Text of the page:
Monkey World, the internationally-acclaimed ape rescue centre, is home to over 250 rescued and endangered monkeys and apes. 

Simon and Thelma at MonkeyWorld

Source: Monkey World

Simon and Thelma are members of Hananya’s chimpanzees at Monkey World. 

Opened in 1987 to provide abused Spanish beach chimpanzees with a permanent home, the site is now a sanctuary for primates from all over the world including the largest group of chimps outside Africa. Many have been neglected, kept in unnatural conditions, or experienced unbelievable cruelty.

At Monkey World, they can all enjoy the company of their own kind in a safe and natural environment, and some are now part of international breeding programmes for endangered species.

For over 20 years, Monkey World and its inhabitants have been the subject of documentaries on TV’s Monkey Business and Monkey Life. From rescue to rehabilitation, the programs are a true to life soap opera following the lives of the monkeys and apes.

Series 12 first aired on Pick TV in December 2019, and features some of the most amazing rescues so far. Viewers will see the incredible story of chimpanzee Naree, who was rescued from a Thai circus show. After initially finding her in 2003, Naree finally made it to the sanctuary in 2018. Visitors to the park can see Naree’s happy ending, as she finally lives as naturally as possible with her own kind, for the first time since she was stolen from her mother as a baby in the wild.

Combining fun with conservation and animal education, half-hourly talks by the dedicated Primate Care Staff explain all about man’s closest living relative. They love to share their knowledge of all the individuals in their care, so don’t hesitate to ask any questions when the talk is over.

Rieke in hammock at Monkey World

Source: Monkey World

Rieke is a female Sumatran orangutan who arrived at Monkey World in 2015 to join the orangutan crèche. 

The park also includes a Woodland Walk, several play areas for children including the south’s largest adventure playground, so once the children have seen the primates, they can “monkey around” in the Great Ape Play area to let off steam. There are three main catering outlets that offer a range of hot and cold food, snacks, drinks and confectionery, or visitors are welcome to bring their own packed lunch and enjoy the beautiful Dorset countryside in one of the park’s many outdoor picnic areas.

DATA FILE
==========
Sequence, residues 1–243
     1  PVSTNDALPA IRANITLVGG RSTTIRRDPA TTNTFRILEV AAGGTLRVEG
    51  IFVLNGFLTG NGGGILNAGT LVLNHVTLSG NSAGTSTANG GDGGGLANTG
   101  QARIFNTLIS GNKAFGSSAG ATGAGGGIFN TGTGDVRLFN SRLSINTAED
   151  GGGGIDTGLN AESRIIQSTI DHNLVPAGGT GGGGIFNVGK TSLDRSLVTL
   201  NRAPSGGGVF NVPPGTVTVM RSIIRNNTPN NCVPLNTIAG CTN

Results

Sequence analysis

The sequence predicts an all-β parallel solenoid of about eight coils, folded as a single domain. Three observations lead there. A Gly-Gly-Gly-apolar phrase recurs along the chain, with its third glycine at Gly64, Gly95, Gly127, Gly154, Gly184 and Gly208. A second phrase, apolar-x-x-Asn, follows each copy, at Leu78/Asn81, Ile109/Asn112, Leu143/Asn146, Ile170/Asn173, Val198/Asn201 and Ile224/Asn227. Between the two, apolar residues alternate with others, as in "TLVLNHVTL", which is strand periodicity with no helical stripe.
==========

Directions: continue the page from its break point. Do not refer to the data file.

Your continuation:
Based in Wareham, Dorset, Monkey World has ample free parking for cars and coaches. Discounts are available for pre-booked groups, and guided tours and meeting room hire are also available. Monkey World also offers free entry and hot drinks for the driver.

 Visitors to the park support the centre’s rescue and rehabilitation operation. As a self-funded rescue centre, Monkey World simply could not have helped its 260+ residents without the ongoing support of the general public.

Top tips for visitors:

  • Be patient. You’re seeing primates in naturalistic, large enclosures. Take your time at each viewing window to see the family group. Check the indoor enclosures too, and spend a bit of time waiting before moving on.
  • Take comfortable shoes! The park is spread over 65 acres, with over 260 primates to see! Prepare to spend a bit of time walking around. Monkey World provides free of charge mobility scooters to those who struggle with walking. These can be reserved in advance by calling 01929 462537.
  • Visit the free of charge keeper talks. The primates stories are fascinating- here them from the people who know the apes and monkeys best.
  • Factor in time to visit the Malagasy lemur enclosure. The walk-through enclosure is open for a few hours each day, so visitors can walk amongst the troop of ring-tailed lemurs. Be sure to check the opening times at the entrance gate!

Monkey World is open every day (except Christmas Day) from 10am to 5pm (10am to 6pm during July and August) and last entry is one hour before closing.

Visit for more information, or call 01929 462537.